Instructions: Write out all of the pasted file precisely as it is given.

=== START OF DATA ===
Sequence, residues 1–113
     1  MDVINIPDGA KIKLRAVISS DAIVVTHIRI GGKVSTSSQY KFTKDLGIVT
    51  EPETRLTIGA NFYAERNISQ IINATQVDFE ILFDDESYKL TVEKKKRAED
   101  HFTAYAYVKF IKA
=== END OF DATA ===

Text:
Sequence, residues 1–113
     1  MDVINIPDGA KIKLRAVISS DAIVVTHIRI GGKVSTSSQY KFTKDLGIVT
    51  EPETRLTIGA NFYAERNISQ IINATQVDFE ILFDDESYKL TVEKKKRAED
   101  HFTAYAYVKF IKA